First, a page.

45 terms

Constitution Unit Vocabulary

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Republicanism
A government in which the people elect representatives to govern, A philosophy of limited government with elected representatives serving at the will of the people. The government is based on consent of the governed.
Articles of Confederation
1st Constitution/government of the U.S. 1781-1788 (weaknesses-no executive, no judicial, no power to tax, no power to regulate trade)
Land Ordinance of 1785
A law that divided much of the United States into a system of townships to facilitate the sale of land to settlers.
Northwest Territory
Land that formed the modern states of Ohio, Indiana, Michigan, Illinois, Wisconsin, and part of Minnesota
Northwest Ordinance
It is considered one of the most significant achievements of the Articles of Confederation. It established a system for setting up governments in the western territories so they could eventually join the Union on an equal footing with the original 13 states
Constitutional Convention
Meeting in Philadelphia called to change the Articles of Confederation
James Madison
"Father of the Constitution". His proposals for an effective government became the Virginia Plan, which was the basis for the Constitution. He was responsible for drafting most of the language of the Constitution.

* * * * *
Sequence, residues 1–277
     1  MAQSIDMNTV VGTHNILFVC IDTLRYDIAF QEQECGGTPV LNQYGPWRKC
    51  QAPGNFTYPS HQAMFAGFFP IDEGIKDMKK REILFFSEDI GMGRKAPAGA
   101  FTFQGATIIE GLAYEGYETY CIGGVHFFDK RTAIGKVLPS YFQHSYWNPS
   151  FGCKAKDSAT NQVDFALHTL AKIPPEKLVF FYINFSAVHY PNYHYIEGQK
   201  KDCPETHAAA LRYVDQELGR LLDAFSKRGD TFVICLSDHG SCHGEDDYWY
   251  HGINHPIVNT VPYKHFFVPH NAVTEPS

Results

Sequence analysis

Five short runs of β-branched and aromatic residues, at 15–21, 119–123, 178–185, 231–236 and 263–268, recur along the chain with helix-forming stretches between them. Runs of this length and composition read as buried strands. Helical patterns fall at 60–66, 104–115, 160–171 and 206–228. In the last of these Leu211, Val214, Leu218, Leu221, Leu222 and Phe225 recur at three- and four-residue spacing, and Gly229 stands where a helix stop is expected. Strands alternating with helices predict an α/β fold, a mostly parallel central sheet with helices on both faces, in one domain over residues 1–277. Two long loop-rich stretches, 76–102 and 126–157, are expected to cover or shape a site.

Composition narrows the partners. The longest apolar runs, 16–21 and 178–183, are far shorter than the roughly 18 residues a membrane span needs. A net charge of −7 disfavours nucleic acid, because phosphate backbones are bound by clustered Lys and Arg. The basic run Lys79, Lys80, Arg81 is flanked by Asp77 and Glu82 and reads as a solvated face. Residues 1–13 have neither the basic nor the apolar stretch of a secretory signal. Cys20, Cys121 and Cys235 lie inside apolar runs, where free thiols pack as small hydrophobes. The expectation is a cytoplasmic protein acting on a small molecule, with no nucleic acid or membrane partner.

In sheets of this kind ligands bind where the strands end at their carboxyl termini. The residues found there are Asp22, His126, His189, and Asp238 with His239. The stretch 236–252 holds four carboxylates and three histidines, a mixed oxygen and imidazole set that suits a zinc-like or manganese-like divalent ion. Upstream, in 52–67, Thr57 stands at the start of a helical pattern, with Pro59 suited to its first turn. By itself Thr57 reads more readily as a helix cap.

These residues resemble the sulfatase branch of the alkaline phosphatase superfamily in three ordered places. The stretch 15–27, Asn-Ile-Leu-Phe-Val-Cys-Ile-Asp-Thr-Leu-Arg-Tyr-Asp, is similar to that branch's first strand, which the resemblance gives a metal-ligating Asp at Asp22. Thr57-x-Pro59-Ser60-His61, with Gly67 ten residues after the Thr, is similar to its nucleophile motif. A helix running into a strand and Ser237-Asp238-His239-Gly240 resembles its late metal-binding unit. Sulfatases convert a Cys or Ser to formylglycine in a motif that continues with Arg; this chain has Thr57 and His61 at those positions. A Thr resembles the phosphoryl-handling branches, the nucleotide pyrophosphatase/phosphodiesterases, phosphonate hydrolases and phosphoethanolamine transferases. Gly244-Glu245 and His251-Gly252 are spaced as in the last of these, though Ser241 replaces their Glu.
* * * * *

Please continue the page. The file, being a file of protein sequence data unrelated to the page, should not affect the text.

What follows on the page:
Virginia Plan
The plan favored larger states and thus prompted smaller states to come back with their own plan for apportioning representation.
New Jersey Plan
Plan that called for each state to have equal representation in the legislature
Great Compromise
Called for a two-house legislature with representation based on population in one house and equal representation in the other house
Three-Fifths Compromise
Called for counting three-fifths of the slave population for representation and taxation
Federalism
A system of government in which power is shared amount the federal government and the states
Federalist
People who supported ratification of the Constitution